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 Table of Contents  
CASE REPORT
Year : 2016  |  Volume : 28  |  Issue : 3  |  Page : 281-284

Dual cusped protostylid: Case report and clinical significance


1 Department of Oral Medicine and Radiology, Sarjug Dental College, Darbhanga, Bihar, India
2 Department of Oral Medicine and Radiology, Haldia Institute of Dental Sciences and Research, Haldia, West Bengal, India

Date of Submission26-Mar-2016
Date of Acceptance06-Dec-2016
Date of Web Publication13-Dec-2016

Correspondence Address:
Dr. Preeti Bhattacharya
2/3B, Basant Bahar, 947 - Jhilpar Road, Mahamayatala, Garia, Kolkata - 700 103, West Bengal
India
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Source of Support: None, Conflict of Interest: None


DOI: 10.4103/0972-1363.195670

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   Abstract 

Protostylids are superstructures on maxillary or mandibular molars, which have rarely been reported in literature, and the significance of their presence has also been underestimated. The dental practitioners may easily misdiagnose a tooth, with such conical tubercles as malformed tooth. Interestingly, this is neither a malformation nor an anomaly but rather an important morphological trait of an individual. Once in a while, one may come across such a distinct morphological trait without being able to diagnose. To the authors' best knowledge, only one similar case has been reported previously, and the second such case internationally. Bearing all such facts in mind, the authors attempt to educate the readers towards the existence of such a trait so that it can be identified and studied in larger numbers. Hence, it is the authors' endeavor to report an unusual case of dual cusped maxillary protostylid along with its clinical significance.

Keywords: Amelogenesis, molars, protostylid


How to cite this article:
Bhattacharya P, Sinha R. Dual cusped protostylid: Case report and clinical significance. J Indian Acad Oral Med Radiol 2016;28:281-4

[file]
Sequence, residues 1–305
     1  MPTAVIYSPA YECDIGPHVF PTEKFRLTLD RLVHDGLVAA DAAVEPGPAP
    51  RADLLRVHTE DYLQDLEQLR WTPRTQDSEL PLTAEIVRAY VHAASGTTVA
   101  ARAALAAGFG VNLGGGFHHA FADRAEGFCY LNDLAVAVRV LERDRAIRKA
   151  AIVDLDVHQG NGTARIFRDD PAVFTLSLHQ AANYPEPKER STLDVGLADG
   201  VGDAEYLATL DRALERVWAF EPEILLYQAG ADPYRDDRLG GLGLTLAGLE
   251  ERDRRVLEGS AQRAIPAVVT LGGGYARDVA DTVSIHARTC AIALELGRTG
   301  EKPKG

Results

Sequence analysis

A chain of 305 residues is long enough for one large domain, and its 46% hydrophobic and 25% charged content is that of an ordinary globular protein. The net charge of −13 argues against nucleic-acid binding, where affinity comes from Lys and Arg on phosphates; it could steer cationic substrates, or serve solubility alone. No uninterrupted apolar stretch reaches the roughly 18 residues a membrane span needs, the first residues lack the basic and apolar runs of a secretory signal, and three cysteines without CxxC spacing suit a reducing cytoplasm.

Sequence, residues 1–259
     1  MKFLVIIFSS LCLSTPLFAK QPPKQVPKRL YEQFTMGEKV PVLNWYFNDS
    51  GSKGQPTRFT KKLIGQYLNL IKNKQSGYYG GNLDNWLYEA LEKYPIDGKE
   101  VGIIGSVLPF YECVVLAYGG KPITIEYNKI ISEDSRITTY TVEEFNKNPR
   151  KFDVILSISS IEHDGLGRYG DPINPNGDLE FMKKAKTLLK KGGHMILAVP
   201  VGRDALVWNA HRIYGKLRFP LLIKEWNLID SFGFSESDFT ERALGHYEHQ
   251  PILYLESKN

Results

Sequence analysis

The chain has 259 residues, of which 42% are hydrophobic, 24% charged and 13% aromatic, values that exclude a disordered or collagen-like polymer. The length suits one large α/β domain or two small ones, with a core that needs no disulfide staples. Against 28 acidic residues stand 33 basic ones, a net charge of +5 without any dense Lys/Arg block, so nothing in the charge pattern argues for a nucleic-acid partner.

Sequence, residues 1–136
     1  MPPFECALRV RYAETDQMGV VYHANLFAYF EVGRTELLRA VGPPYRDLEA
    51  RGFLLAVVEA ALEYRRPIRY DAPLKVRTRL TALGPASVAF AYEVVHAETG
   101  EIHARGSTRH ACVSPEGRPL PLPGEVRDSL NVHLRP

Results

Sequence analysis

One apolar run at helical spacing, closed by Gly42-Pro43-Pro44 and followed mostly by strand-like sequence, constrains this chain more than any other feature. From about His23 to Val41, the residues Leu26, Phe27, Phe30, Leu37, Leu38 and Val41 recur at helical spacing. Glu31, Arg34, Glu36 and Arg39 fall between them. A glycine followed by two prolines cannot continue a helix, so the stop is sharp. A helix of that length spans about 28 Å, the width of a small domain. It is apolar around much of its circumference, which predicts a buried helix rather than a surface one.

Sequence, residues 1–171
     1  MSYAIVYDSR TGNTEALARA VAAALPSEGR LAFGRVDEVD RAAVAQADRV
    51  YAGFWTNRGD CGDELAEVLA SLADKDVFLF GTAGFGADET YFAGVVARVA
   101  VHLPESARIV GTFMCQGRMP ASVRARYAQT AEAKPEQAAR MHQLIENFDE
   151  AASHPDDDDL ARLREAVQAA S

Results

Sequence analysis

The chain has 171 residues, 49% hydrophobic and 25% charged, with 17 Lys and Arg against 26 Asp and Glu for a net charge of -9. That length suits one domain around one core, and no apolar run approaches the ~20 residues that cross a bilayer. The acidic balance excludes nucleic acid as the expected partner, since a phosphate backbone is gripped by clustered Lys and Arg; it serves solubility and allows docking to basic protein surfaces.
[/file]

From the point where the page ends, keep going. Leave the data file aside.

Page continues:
How to cite this URL:
Bhattacharya P, Sinha R. Dual cusped protostylid: Case report and clinical significance. J Indian Acad Oral Med Radiol [serial online] 2016 [cited 2019 Sep 17];28:281-4. Available from: http://www.jiaomr.in/text.asp?2016/28/3/281/195670


   Introduction Top


Teeth develop as discrete organs in the oral cavity due to epithelial and mesenchymal tissue interactions and have been divided into the regions of incisor, canine, premolar, and molar tooth types from anterior to the posterior for the sake of simplification. The shape of molar teeth shows significant variations. The exact etiology of shape deviations is largely unknown, but still various studies suggest overactivity of the dental lamina. It is now believed that PAX and MSX genes are responsible for the abnormal shape of the teeth.[1] The existence of protostylid was first introduced by Late Prof. Bolk in the year 1916, and in 1945 Dahlberg referred to this structure as “parastyle” when evident on maxillary molars and “protostylid” when present in mandibular molars.[2] Protostylid may be encountered on the buccal surface of the mesiobuccal cusp of deciduous and permanent maxillary molars and rarely on the distobuccal cusp of the maxillary molars. Moreover, dual cusps existence is particularly uncommon.[3] We report here an extremely interesting and rare case of the presence of dual cusped protostylid on the maxillary molar with emphasis on clinical implications and their significance.


   Case Report Top


A 21-year-old male patient reported to our department for routine dental checkup. His medical, dental, and family history was noncontributory. On intraoral clinical examination, two well-developed lobulated tubercles were found on the buccal surface of tooth 17 [Figure 1] and [Figure 2]. These conical projections were asymmetrical in shape and the distal tubercle was slightly larger than the mesial one and both of them were more or less expressed on the mesiobuccal cusp. The distal and mesial tubercles measured roughly 8 × 5 mm and 6 × 4 mm, respectively [Figure 3]. The surface of the tubercles appeared smooth without any evidence of dental caries. Extrinsic staining of the tubercles and grooves was noted. Gingival recession was observed on the buccal surface, which was particularly more evident with respect to the distal tubercle.